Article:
This blog is about contemplative inquiry

Tag: Anam Cara


“A Sufi mystic was staying with Rabiya. His name was Hasan. He must have heard Jesus Christ’s statement: ‘knock and it shall be opened to you. Ask and it shall be given to you. Seek and you will find it’. So every day in his morning prayer, afternoon prayer, evening prayer, night prayer, five times a day he said to God, ‘I am knocking, Sir, and I am knocking so much. Why has it not opened up to now? I am beating my head against your door, Sir. Open it.

“Rabiya heard it one day. Rabiya heard it the second day. Rabiya heard it the third day. Then she said, ‘Hasan, when will you look? The door is open. You go on talking nonsense – ‘I am knocking, I am knocking’ – and the door is open all the time. Look! But you are too concerned with your knocking and asking and desiring and seeking, and you cannot see. The door is open.” (1)

For me Rabiya is the Sophia in this story, the teacher and guide. Sophia emerges in the eastern Mediterranean. She is most associated with contexts that are urban, multicultural and entranced by the power of the written word. She inherits the rose from Aphrodite and Isis, and the grove from Asherah, the lost goddess of Israel. She becomes a traveller, eastward bound on the Silk Road, taking other names.

The Sophia of my experience is not quite the being of the traditions, though the traditions have fed me (2, 3). As a living presence, anam cara and guide, she undermines my pompous attempts to impose narrative order on the cosmos and thus possess the infinite. She stands for creative mythology, continuous revelation, and a compassionate free spirit. Infinitely sceptical and infinitely believing, she embraces the life of the senses, feeling and thinking. Yet she points also to other possibilities: nourishment in the silent heart of being, and the energy of what Coleridge called the primary imagination and Druids call Awen.

  1. Osho Zen: the path of paradox New York, NY: Osho International Foundation, 2001
  2. Caitlin Matthews Sophia Goddess of Wisdom, Bride of God Wheaton, ILL: Quest Books, 2001
  3. Anne Baring & Jules Cashford The myth of the Goddess: evolution of an image London: Arkana, 1993
  4. Samuel Taylor Coleridge Biographia Literaria: or biographical sketches of my literary life and opinions London: Dent, 1965 (Edited with an introduction by George Watson)



This post is about the anam cara, or spiritual friend in Gaelic tradition, and about the use of language. Recently I wrote about allowing more space and using fewer words. This wasn’t a renunciate view of language, which I value highly. My hope was that “more space” would allow “something new to emerge”, and that my words, though fewer, would be better chosen.

I am starting to see some fruits from this strategy. I’ve also recently said that I experienced Sophia “as a psychopomp or inner guru”. Now I would say, “anam cara”. This term is known from the early days of Christian monasticism in Ireland and is in current use within the Scottish-based Celie De – see

It is a mentoring relationship, not a peer one, but it includes the sense of a real personal connection, not just a role. People speculate about whether it is an inheritance from indigenous Druidry. Subjectively, my relation with Sophia feels like this: much more than psychopomp or inner guru. In my understanding ‘anam cara’ is gentler, subtler and less formal.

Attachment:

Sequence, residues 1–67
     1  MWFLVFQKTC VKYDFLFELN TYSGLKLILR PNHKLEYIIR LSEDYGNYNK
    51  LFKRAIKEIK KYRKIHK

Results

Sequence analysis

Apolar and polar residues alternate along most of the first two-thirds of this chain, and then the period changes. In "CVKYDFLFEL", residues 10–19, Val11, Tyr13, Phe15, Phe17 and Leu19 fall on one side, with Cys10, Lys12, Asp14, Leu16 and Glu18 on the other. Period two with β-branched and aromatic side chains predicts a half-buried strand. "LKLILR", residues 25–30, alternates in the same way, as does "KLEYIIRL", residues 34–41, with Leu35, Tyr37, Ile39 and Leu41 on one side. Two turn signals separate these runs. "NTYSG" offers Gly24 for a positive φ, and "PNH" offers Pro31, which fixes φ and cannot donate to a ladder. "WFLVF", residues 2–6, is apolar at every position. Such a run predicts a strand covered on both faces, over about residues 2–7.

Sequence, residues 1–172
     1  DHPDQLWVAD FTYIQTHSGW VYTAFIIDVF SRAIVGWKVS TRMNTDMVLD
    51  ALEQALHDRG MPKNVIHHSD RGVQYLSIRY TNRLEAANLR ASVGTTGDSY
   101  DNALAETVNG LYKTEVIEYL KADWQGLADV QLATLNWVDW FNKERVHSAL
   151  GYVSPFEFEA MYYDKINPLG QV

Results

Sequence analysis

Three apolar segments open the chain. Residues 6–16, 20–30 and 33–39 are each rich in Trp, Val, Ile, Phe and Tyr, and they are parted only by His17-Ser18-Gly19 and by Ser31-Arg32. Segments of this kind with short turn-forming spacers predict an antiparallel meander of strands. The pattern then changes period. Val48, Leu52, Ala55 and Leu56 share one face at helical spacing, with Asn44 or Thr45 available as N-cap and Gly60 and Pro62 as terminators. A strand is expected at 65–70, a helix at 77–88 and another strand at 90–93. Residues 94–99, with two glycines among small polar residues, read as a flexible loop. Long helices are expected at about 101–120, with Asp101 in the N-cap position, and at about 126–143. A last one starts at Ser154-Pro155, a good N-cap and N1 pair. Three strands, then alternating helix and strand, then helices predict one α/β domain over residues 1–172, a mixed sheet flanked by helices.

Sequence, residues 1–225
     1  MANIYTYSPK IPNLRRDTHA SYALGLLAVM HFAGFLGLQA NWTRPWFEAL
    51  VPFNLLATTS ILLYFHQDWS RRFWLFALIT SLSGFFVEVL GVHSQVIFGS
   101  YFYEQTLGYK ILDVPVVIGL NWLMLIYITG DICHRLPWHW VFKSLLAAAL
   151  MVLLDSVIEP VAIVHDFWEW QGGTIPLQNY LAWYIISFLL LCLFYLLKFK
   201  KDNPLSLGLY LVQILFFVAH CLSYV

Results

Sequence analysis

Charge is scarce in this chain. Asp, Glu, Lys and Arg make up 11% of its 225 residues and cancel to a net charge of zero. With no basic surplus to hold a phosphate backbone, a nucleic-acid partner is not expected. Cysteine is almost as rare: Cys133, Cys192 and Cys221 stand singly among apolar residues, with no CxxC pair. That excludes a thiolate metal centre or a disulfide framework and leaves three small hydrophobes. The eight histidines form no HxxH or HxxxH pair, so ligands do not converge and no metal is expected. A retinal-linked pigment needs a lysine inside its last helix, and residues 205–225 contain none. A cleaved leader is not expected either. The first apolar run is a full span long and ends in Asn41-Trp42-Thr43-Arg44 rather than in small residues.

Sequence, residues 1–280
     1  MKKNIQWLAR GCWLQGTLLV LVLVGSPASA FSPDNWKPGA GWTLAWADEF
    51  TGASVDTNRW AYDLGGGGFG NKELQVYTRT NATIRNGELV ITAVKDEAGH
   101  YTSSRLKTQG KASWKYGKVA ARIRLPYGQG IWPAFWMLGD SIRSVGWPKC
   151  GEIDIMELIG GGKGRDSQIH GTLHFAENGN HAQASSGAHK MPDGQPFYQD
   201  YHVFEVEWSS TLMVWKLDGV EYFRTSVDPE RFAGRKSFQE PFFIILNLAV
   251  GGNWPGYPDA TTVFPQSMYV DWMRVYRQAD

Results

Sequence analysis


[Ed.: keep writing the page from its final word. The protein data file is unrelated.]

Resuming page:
The Sophia I experience is not a rhetorical device (personification) or a glove puppet arbitrarily selected by me. She is also not – in my sense of things – a mind independent celestial being. Rather she is the felt presence, the voice, and at times the image of a deeper nature – and my inner link with the Oran Mor (the song of what is). From a personality perspective, this deeper nature is ‘not me’ and not owned and controlled by ‘me’, so I have to work at relationship.

From the perspective of deeper nature, the separation doesn’t exist. At times Sophia can point beyond herself and then I may enter the subjectivity of deeper nature and experience the world differently. The little ‘I’ and the anam cara are as one, beyond separation and immersed in the song. But most of the time that’s not how it is in my subjective life world, and a link to that fuller reality is provided by Sophia and her nudgings and promptings.

I don’t make any fundamental distinction between nature and spirit. All, for me, is contained in the word nature (or terms like the Oran Mor).  Nothing is lost. Cosmos, relationship and practice remain the same. But the use of a nature language is truer to my experience.


The pagan path. The Old Ways In New Times

The Druids Garden

Spiritual journeys in tending the living earth, permaculture, and nature-inspired arts

The Blog of Baphomet

a magickal dialogue between nature and culture

This Simple Life

The gentle art of living with less

Musings of a Scottish Hearth Druid and Heathen

Thoughts about living, loving and worshiping as an autistic Hearth Druid and Heathen. One woman's journey.

The River Crow

Druidry as the crow flies...

Wheel of the Year Blog

An place to read and share stories about the celtic seasonal festivals

Walking the Druid Path

Just another site

anima monday

Exploring our connection to the wider world

Grounded Space Focusing

Become more grounded and spacious with yourself and others, through your own body’s wisdom

The Earthbound Report

Good lives on our one planet

The Hopeless Vendetta

News for the residents of Hopeless, Maine.

barbed and wired

not a safe space - especially for the guilty

Down the Forest Path

A Journey Through Nature, its Magic and Mystery

Druid Life

Pagan reflections from a Druid author - life, community, inspiration, health, hope, and radical change

Druid Monastic

The Musings of a Contemplative Monastic Druid

sylvain grandcerf

Une voie druidique francophone as Gaeilge


A great site

Elaine Knight

Dreamings, makings and musings.